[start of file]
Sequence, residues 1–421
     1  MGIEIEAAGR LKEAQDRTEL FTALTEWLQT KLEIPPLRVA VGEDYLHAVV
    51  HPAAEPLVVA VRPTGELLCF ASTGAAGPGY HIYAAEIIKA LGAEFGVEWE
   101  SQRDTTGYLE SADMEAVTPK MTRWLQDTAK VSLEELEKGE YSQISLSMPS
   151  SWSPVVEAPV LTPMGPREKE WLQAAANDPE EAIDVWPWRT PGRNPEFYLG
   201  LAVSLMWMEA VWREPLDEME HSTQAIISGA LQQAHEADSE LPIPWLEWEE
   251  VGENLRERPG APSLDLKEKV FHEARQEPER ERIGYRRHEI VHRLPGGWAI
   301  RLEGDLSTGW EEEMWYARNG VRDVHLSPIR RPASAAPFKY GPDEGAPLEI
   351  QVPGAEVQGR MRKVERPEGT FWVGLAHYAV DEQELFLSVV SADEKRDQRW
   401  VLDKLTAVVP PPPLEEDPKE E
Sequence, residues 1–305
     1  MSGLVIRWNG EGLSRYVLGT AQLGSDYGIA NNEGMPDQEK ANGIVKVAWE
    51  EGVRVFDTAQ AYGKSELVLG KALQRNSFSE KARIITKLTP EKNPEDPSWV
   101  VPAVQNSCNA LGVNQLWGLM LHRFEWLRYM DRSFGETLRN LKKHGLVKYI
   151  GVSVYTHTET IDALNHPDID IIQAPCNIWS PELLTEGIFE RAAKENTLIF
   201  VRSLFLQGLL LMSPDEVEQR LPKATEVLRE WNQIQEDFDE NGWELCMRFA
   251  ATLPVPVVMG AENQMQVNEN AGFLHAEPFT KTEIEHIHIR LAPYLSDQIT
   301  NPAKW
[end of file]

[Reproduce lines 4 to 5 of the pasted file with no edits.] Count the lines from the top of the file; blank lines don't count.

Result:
   101  SQRDTTGYLE SADMEAVTPK MTRWLQDTAK VSLEELEKGE YSQISLSMPS
   151  SWSPVVEAPV LTPMGPREKE WLQAAANDPE EAIDVWPWRT PGRNPEFYLG